Crossfire – “Second Attack” (1985)

It’s never a good thing when you reach for the volume knob to turn the music DOWN.  That’s the unfortunate predicament I find myself in while listening to Crossfire’s Second Attack.  Man, this thing is just too over-bearing and too sloppy!  There’s a tremendous lack of finesse here.  And you know what?  Crossfire’s first album See You In Hell was actually pretty decent (though far from spectacular).  So what gives?  Well, I think Crossfire tried to get too “heavy” for their own good, and kind of overreached their (clearly limited) bounds.  Jeesh, some of these solos are just steaming piles of garbage!  Was this guy wearing mittens when he played these leads?  Plus, we have that Krokus throat yelling from the back room.  Okay, I kind of like the song Second Attack.  So it’s not a total disaster.  But even those wispy Belgian mustaches couldn’t save Crossfire this time.  NEXT!  My score: C


5 thoughts on “Crossfire – “Second Attack” (1985)

    • Excellent question. It is all relative. Because I believe that even bad heavy metal is better than 50% of all the music out there. So when I give this album a “C”, it is an “average” album compared to all the modern music out there. Most of the “F” grades would probably go to techno, hip-hop, and so on. Heavy metal/hard rock is the best kind of modern music there is. Period. Even so, there are some metal albums I would give an “F”, but I am in no rush to review those right now. Ha Ha.

  1. “F” albums are hard to find. Because that would have to include a person, not only NOT KNOWING how to riff, with NO understanding of music theory, and a band sense of timing, when it came to playing the rhythms. One would also have to be tone deaf and be out of tune and out of key at the same time. Then one would have to be sloppy as all could be.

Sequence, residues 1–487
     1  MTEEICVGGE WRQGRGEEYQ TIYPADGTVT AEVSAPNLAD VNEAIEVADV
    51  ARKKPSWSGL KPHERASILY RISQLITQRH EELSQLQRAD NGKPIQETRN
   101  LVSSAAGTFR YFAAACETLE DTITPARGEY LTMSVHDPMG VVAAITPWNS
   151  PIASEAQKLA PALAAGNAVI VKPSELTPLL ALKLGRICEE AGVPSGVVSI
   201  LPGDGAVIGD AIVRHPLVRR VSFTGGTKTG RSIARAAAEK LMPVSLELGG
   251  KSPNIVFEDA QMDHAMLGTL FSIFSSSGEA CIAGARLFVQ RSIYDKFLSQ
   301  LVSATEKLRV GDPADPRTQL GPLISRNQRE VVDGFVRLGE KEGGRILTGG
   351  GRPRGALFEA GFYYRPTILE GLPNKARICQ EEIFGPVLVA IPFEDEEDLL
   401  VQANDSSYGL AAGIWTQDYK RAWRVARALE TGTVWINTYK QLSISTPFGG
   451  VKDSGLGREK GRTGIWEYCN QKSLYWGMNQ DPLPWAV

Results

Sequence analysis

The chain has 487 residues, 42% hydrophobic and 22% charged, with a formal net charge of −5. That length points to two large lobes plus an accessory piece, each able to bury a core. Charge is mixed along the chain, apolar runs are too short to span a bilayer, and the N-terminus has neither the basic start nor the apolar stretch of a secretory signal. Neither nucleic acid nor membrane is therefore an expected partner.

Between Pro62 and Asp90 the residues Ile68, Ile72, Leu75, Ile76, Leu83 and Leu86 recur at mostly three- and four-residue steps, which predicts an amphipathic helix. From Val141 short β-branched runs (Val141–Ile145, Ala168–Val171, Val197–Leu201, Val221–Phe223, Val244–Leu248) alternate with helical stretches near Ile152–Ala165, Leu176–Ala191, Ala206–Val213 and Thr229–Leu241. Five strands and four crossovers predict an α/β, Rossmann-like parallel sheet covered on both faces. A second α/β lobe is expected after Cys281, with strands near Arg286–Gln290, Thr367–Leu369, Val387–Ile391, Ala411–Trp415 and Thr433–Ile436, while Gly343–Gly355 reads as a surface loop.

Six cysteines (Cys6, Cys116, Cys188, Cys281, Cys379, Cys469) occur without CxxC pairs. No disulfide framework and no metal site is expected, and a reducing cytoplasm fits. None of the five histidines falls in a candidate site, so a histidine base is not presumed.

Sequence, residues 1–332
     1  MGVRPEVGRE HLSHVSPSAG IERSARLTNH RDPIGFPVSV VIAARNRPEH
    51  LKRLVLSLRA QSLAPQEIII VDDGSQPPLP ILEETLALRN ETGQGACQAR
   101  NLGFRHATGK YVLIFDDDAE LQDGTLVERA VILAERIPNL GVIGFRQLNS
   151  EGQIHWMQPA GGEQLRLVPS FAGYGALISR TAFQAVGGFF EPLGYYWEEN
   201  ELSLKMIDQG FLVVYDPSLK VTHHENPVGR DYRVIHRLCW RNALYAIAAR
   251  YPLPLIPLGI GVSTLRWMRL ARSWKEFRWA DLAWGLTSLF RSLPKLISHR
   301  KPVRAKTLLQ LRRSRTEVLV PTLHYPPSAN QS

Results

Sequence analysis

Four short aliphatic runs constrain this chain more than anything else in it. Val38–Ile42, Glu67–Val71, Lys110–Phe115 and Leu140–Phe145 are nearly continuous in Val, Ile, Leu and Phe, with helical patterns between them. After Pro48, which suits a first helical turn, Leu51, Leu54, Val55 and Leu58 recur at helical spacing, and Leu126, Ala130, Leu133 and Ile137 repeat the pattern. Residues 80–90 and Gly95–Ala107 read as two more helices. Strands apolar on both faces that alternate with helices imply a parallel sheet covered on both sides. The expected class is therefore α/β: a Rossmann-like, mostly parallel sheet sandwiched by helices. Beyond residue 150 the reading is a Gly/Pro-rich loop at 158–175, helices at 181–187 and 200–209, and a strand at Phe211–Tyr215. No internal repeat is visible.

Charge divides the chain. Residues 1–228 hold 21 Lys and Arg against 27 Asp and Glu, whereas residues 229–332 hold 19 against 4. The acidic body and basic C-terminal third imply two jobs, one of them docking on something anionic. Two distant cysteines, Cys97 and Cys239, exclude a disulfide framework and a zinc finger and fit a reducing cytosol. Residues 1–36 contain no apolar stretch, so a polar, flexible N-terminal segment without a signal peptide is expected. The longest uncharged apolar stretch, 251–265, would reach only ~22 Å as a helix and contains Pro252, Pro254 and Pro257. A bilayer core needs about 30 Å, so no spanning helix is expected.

Most albums are in the “C” or C+ to “B” B- range, because for every guitarist who practices/ rehearses 1,200 hours a year. There is always some one with more dedication than that. Randy Rhodes was legendary with his 16 hour day pracitce regiments.

    “A” albums are basically the person who can express a wide range of emotions and convey those feeling/ additudes through the instrument of choice. Plus one must also be at the right place at the right time.

    The factor why most albums never get deleted from most collections is what I call “even a broken clock can get it right at least twice in one day” factor.

    Music is strictly a subjective matter only, those who claim to listen to music on a objective only basis are either total liars, or full of s*!@.

    Myself I never cared for this band, because Belgium’s best bands (subjective opinion) and my favorites (subjective peference) were Acid “Maniac”and this bands label-mates Warhead “The Day After”. THERE IS NO ACCOUNTIG FOR TASTE.

    Crossfire’s 1st and 2nd album should of been released during the second era of Masoleum Records during the CD age of heavy metal, as a 2 for 1.

    The first edtion Masoleum Record CD’s are licensed from a label called MMS, this happened in 1994.

    And in 2001, when Masoleum got the rights back, they did alot of 2 for 1 CD’s of the artist on this label bands who did two albums like Blacklace, Crossfire…etc.

    The biggest band to come from Masoleum Records was Doro Pesch’s Warlock..!!!

    • Yep. I have that very 2-for-1 CD (a Russian press). As for a “worst” list, I may do such a thing, but it would be more of a “most disappointing albums” list, whereby I talk about good bands releasing a “bad” album. An album that did not live up to the band’s previous standards. Everyone has a few of these duds in their collection.

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